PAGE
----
Putting aside Richard Dawkins as a person, and especially as a public figure, this book is a really great example of a few different impulses in writing, argument, and scholarship. The basic idea here as an argument is that when thinking about evolution and “survival of the fittest,” that it’s not the individual organism that we’re focused on, but the specific gene as the most basic unit. “Selfishness” as we’re thinking about it here is the drive to spread that gene and to act in a way that keeps that gene in circulation. Because we’re not as focused on individual organisms, and because all organisms have a multitude of genes at play, we can avoid trying to find individual examples of actions that go against this idea. In addition, we have to recognize that not every behavior has to fit a specific understanding or definition.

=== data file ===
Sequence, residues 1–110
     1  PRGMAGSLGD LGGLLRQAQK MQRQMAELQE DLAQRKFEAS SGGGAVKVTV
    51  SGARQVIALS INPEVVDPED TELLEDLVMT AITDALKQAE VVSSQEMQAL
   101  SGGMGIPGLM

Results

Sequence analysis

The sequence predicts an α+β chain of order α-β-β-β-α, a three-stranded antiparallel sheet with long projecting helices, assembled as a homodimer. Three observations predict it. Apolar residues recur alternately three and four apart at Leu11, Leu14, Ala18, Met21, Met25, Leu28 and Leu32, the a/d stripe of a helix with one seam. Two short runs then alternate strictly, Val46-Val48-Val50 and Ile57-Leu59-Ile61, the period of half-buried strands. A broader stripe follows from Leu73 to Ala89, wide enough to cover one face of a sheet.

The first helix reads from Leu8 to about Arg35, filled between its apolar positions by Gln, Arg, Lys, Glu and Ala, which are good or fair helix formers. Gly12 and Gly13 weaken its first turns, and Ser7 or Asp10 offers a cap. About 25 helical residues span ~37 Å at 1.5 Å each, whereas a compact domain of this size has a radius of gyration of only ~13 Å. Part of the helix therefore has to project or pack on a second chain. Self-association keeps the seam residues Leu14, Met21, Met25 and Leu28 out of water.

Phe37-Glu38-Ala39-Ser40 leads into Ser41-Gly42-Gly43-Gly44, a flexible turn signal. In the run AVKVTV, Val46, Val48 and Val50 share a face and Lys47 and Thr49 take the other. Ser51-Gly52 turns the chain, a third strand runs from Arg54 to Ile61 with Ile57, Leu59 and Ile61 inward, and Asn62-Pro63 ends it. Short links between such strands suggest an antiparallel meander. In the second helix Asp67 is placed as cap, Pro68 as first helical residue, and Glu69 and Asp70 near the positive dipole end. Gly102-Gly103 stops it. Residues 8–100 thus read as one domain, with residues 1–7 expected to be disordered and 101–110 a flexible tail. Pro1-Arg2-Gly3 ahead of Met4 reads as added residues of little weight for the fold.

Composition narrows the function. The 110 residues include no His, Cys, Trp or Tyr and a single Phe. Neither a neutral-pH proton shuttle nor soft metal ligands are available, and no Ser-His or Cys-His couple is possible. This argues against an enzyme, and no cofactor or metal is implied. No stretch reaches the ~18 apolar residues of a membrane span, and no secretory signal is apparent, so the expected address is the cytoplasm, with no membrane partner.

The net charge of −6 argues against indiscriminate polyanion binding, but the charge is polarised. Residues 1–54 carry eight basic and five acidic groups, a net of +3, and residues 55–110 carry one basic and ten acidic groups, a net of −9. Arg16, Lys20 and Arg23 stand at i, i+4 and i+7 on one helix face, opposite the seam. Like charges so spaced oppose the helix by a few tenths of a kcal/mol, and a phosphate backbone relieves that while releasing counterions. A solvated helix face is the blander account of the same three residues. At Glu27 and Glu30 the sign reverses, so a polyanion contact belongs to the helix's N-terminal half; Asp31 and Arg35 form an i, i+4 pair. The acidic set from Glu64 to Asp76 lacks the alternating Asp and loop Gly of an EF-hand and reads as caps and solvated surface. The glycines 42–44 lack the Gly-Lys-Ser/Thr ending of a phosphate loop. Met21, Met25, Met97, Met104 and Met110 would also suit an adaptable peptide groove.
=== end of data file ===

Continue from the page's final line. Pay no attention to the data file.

Read the book itself for your sense of what level of agreement or disagreement you have with his argument here. That said, I do think a things that are happening in this book are really admirable. For one, the revised edition here provides a wide array of endnotes and footnotes where Richard Dawkins addresses critics, updates his information as evidence opened up, and even fixing his past mistakes in the original draft. In addition to all this revision, this book is absolute model for how to try to be as precise with language (he’s very very focused on his definitions and analogies) and trying to discuss the limits and allowances of his analogies.